[…] which follows at track 3. But for me, it just doesn’t hold up anymore. It’s the one screaming Fremdscham on the record (whereas a song like “Wolf Party” on side B is more of a shrugful “meh’). […]

  • Posted by Mike

    swanpride: “Fremdscham” is in fact used, even tho “fremdschämen” is more used. Oldest usage of this that I can remember was in the early 2000th (around 2001), so it’s not new, maybe not used everywhere.

  • Posted by Anonymous

    @Glenn: fremdschämen can only be used reflexively. You can say “Ich fremdschäme mich.” but not “Ich schäme mich fremd”. Fremdschämen is a compound word (fremd + schämen) but it is not a divisible verb.

  • Posted by kush

    there is not any antonyms and synonyms

  • Posted by Melissa

    The scene in Charlie and the Chocolate Factory (the Johnny Depp version), when he says ‘good morning star shine, the Earth says hello’ gives me the fremdscham feeling so intensely. I really wish there was a word for it in English

  • Posted by Jock

    The English verb “to cringe”expresses the sentiment of Fremdenscham very precisely and intelligibly .Too often we get infatuated with foreign words at the expense of perfectly adequate English ones because we think they lend a sense of sophistication to the user.My favourite example is the German word ” angst” which people seem to use with gay abandon.The English word ” anxiety” generally does a much better job.
    Unfortunately german speakers,in Germany particularly in the media, now pepper their everyday speech with so much English ,it drives various relatives and friends of mine crazy.The use of English terminology,especially of a technical nature,is reminiscent of German vocabulary used in academia in the pre war years in fields such as philosophy,theology and various scientific fields.The English language has now superseded german as the language of choice for research,business etc.It is where the action is.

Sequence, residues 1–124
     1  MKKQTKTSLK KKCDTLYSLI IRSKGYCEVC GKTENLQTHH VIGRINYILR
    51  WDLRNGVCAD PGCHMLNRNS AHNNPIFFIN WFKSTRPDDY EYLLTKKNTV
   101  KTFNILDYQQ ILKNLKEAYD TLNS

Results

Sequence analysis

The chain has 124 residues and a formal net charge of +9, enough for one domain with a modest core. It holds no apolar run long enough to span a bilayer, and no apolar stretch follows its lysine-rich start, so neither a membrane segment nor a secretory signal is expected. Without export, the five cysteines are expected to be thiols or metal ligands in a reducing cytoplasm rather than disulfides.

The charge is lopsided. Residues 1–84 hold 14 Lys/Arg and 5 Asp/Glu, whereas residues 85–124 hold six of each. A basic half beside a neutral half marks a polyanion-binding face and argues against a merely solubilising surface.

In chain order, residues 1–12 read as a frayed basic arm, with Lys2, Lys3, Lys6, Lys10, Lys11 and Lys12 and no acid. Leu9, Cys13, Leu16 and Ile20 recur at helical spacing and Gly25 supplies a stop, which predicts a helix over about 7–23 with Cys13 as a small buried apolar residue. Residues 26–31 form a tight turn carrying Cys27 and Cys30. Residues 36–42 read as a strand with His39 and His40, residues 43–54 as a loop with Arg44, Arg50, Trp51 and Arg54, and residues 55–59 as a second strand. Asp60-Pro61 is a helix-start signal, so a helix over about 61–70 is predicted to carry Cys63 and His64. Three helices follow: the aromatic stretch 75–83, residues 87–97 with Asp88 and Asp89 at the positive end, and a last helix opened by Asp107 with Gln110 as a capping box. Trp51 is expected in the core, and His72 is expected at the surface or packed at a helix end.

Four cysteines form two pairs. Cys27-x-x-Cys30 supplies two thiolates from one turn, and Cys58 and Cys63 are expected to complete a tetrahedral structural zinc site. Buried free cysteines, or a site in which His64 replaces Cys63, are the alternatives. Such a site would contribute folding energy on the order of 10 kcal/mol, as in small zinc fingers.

Schadenfreude ,however,remains untranslatable !

  • Posted by Justin

    I googled this feeling because of the new Verizon commercials. The woman that doesn’t tweet, she twerks… yeah, I felt so embarrassed for her and that whole situation. Verizon made me learn a new word today.

  • Posted by My 30 Most Mundane Fears | nihilisticle

    […] Fremdscham. […]

  • Posted by When to Use Stacked Barcharts? | Solomon Messing

    […] fame the other day, and I think what makes his site so compelling is the mix of schadenfreude and Fremdscham that makes taking apart someone else’s mistake such an effective teaching strategy and such a […]

  • Posted by Seiyuu Profile: Yuuichi Nakamura | On the edge of a whim

    […] (Gundam 00) – This guy is hilarious. He’s basically the walking demonstration on why fremdscham […]

  • Posted by Cynthia

    In British English, something that makes you feel embarrassed for someone else is ‘cringe-making’. ‘Cringe’ on its own, though, doesn’t as someone suggested mean the same thing.

    That Swedish version referring to hiding ones face in a pillow is altogether wonderful.

  • Posted by Someone irish

    In Dublin, we say ‘scarlet for you’ – as in, I’m actually red with embarrassment for you right now.

    I’d its really bad, we say ‘scarlet for your Ma for having ya’ – I’m actually embarrassed for your mother for giving birth to you.

  • Posted by Andrew

    In English we call this “cringe”

  • Posted by worldcitizen

    Fremdschämen might be the feeling of many World citizen today when they learnt the result of the 2016 presidential election in the US…

  • Posted by D. Hammerschmidt

    In my own (Austrian) family, I never heard this term used — which could be because it is new. But the concept is anything but new. We would have said „Ich schäme mich für ihn“ (“I am embarrassed for him”)